All six counts of Levin's federal complaint allege that the disciplinary proceedings that were used to revoke his law license violated the United States Constitution. Seeking declaratory and injunctive relief, Counts I and II assert that the disciplinary proceedings violated Levin's due process and equal protection rights by forcing him to abandon his federal bankruptcy practice. Count III alleges that the application of Illinois Supreme Court Rules 753 and 764(b) to Levin's disciplinary proceedings violated the due process and ex post facto clauses of the Constitution. Count IV requests five million dollars in damages for the defendants' prosecution of Levin in the allegedly unconstitutional disciplinary proceedings. Count V contends that, given the unconstitutional disciplinary proceedings against Levin, the defendants' imposition of costs upon Levin for those proceedings is unconstitutional. Finally, Count VI asserts that the application of Illinois Supreme Court Rule 771 to Levin's disciplinary proceedings deprived Levin of equal protection by failing to provide clear guidelines on appropriate sanctions.
After Levin's disciplinary proceedings had been terminated, the defendants moved the district court to dismiss the complaint, arguing that the district court lacked subject-matter jurisdiction, res judicata barred Levin's claims, and the defendants were entitled to absolute immunity from the claim for damages. The district court ruled that, under the Rooker- Feldman doctrine, it lacked subject-matter jurisdiction over Counts I, II, III, and V because similar claims were raised before the Illinois Supreme Court in Levin's Rule 383 motion. However, the district court took jurisdiction over Count VI on the ground that Levin did not raise this claim before the Illinois Supreme Court. The court also addressed the merits of Count IV without referencing Rooker- Feldman, apparently as a result of the ARDC's decision not to argue that the district court lacked jurisdiction over this count. After reaching the merits, the district court dismissed Count IV on absolute immunity grounds and held that Count VI was barred by res judicata.II.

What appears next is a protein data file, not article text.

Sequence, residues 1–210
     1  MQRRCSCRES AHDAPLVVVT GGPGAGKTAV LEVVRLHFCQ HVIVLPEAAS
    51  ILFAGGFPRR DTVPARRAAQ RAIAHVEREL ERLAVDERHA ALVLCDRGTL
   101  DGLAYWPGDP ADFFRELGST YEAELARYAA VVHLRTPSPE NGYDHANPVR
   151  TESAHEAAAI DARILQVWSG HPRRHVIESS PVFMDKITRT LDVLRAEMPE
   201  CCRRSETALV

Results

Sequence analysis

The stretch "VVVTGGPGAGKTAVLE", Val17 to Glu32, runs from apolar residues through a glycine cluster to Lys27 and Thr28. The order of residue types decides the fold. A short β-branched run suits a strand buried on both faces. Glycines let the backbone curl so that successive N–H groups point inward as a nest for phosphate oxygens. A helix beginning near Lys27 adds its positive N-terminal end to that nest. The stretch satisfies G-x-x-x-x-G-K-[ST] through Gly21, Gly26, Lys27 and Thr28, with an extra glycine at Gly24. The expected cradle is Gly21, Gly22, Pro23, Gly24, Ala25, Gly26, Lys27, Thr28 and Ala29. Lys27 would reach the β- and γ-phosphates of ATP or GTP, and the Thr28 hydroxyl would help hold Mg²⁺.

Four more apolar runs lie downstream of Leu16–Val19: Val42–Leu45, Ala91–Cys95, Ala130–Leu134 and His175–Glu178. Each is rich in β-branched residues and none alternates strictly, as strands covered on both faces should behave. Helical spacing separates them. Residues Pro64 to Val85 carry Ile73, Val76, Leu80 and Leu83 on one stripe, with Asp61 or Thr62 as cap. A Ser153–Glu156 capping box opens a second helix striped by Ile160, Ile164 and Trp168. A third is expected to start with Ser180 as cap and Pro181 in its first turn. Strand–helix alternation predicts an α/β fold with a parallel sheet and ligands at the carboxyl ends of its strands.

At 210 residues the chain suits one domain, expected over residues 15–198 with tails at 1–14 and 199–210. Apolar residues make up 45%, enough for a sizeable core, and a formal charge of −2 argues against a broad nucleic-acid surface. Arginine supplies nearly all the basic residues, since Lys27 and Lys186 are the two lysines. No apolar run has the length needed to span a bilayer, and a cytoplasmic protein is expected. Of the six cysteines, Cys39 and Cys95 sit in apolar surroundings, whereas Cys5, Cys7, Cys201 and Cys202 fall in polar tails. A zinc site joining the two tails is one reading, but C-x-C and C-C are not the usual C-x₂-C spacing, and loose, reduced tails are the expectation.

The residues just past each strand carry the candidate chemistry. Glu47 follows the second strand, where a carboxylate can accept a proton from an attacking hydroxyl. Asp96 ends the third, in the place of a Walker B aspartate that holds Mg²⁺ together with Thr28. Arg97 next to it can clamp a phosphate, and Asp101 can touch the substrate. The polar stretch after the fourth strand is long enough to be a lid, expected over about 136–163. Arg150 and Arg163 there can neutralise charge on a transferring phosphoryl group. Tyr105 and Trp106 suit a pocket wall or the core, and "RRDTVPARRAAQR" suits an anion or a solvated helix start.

We must first examine whether the district court had subject-matter jurisdiction to decide this case. Subject-matter jurisdiction cannot be waived and may be contested by a party or raised sua sponte at any point in the proceedings. Hawxhurst v. Pettibone Corp., 40 F.3d 175, 179 (7th Cir. 1994). The Rooker- Feldman doctrine dictates that federal district courts lack jurisdiction to review decisions of state courts. See District of Columbia Court of Appeals v. Feldman, 460 U.S. 462, 476, 103 S. Ct. 1303, 1311, 75 L. Ed. 2d 206 (1983); Rooker v. Fidelity Trust Co., 263 U.S. 413, 415, 44 S. Ct. 149, 150, 68 L. Ed. 362 (1923). This limitation on federal court jurisdiction stems from 28 U.S.C. § 1257, which provides " [f]inal judgments ... rendered by the highest court of a state ... may be reviewed by the Supreme Court...." Feldman construed this statute as preventing any federal court except the Supreme Court from reviewing final judgments of state courts. 460 U.S. at 476, 103 S. Ct. at 1311. A litigant cannot obtain collateral review of a state court judgment in federal district court absent specific congressional authorization. See, e.g., 28 U.S.C. § 2241 (habeas corpus).
The Supreme Court in Feldman clarified what constitutes impermissible appellate review by distinguishing between general challenges to state bar rules and challenges to specific decisions of state courts:
United States district courts ... have subject-matter jurisdiction over general challenges to state bar rules, promulgated by state courts in nonjudicial proceedings, which do not require review of a final state-court judgment in a particular case. They do not have jurisdiction, however, over challenges to state-court decisions in particular cases arising out of judicial proceedings even if those challenges allege that the state court's action was unconstitutional.